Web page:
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Squamous Cell Carcinoma (SCC)

Symptoms and Signs of Squamous Cell Carcinoma (SCC)

Symptoms and signs can help medical professionals identify specific types of skin cancer. Symptoms of squamous cell carcinoma (SCC) are most often mistaken as congenital in nature, in which nodules may be perceived as lymph nodes and a bleeding lip sore is presumed to be a cold sore. The sign of skin cancer is first noticed when troubling skin issues surface, and then linger on without going through the normal healing process.  
 
Dermatologists and health care providers urge patients to observe changes in moles, report visible and palpable growths, and monitor sores that worsen in order to make a more accurate diagnosis. The most identifiable symptoms of SCC involve visible skin abnormalities such as nodules (raised bumps) and red, scaly patches that form on sun-exposed and sun-damaged skin. Learn the signs of squamous cell carcinoma (SCC). Make an appointment at Florida Hospital if you notice any symptoms of SCC.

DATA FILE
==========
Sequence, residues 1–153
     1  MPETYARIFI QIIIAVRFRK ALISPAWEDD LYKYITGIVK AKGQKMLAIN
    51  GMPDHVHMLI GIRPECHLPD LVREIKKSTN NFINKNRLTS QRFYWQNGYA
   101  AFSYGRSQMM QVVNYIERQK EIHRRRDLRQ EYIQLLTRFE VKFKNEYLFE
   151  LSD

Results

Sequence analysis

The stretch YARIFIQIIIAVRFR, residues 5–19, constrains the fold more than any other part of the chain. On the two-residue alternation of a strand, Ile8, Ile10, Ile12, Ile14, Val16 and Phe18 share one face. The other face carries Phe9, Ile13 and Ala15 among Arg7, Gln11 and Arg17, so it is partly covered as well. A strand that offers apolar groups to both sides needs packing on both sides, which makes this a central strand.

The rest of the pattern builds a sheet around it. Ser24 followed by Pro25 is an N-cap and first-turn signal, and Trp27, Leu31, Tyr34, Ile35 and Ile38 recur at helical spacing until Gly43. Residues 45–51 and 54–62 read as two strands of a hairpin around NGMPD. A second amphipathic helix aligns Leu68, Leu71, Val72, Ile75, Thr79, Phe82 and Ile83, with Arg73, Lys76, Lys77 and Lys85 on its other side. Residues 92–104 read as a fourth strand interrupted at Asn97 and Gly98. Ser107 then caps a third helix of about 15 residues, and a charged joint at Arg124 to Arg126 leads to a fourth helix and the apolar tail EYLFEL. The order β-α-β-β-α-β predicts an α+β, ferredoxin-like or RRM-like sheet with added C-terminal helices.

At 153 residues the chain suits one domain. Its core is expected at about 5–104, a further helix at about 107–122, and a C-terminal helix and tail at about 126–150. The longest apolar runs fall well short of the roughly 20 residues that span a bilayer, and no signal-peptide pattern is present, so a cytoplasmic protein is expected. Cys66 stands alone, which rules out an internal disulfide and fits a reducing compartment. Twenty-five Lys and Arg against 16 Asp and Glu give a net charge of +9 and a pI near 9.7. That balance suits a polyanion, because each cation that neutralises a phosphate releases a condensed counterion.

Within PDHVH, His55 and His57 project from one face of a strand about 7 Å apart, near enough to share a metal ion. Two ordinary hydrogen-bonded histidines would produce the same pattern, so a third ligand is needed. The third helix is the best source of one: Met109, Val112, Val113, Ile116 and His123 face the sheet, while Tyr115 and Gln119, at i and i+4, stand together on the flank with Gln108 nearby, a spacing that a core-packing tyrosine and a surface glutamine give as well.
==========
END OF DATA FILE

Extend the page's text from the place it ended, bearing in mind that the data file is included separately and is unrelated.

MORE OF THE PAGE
Symptoms and signs of squamous cell carcinoma (SCC) follow below: 
  • External and internal nodules (raised bumps). 
  • Red, scaly patches forming on high prone regions such as face, ears, and lips.  
  • Lip sores that do not heal. 
  • Moles that change in size and appearance.
  • A skin lesion that worsens
  • A wart that changes       

Locations for Squamous Cell Carcinoma (SCC)